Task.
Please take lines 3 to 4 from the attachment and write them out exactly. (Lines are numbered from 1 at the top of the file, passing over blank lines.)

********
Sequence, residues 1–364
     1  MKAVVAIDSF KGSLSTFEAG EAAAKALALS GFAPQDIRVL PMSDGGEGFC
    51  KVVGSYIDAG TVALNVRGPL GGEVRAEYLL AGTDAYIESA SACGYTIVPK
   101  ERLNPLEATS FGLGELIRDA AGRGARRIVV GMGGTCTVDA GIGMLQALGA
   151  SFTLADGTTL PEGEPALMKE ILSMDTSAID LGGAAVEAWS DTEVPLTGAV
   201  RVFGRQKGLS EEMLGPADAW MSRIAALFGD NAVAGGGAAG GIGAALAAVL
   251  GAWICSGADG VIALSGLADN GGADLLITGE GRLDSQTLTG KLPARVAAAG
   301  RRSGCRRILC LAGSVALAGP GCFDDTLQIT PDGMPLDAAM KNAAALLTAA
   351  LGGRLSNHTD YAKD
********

    51  KVVGSYIDAG TVALNVRGPL GGEVRAEYLL AGTDAYIESA SACGYTIVPK
   101  ERLNPLEATS FGLGELIRDA AGRGARRIVV GMGGTCTVDA GIGMLQALGA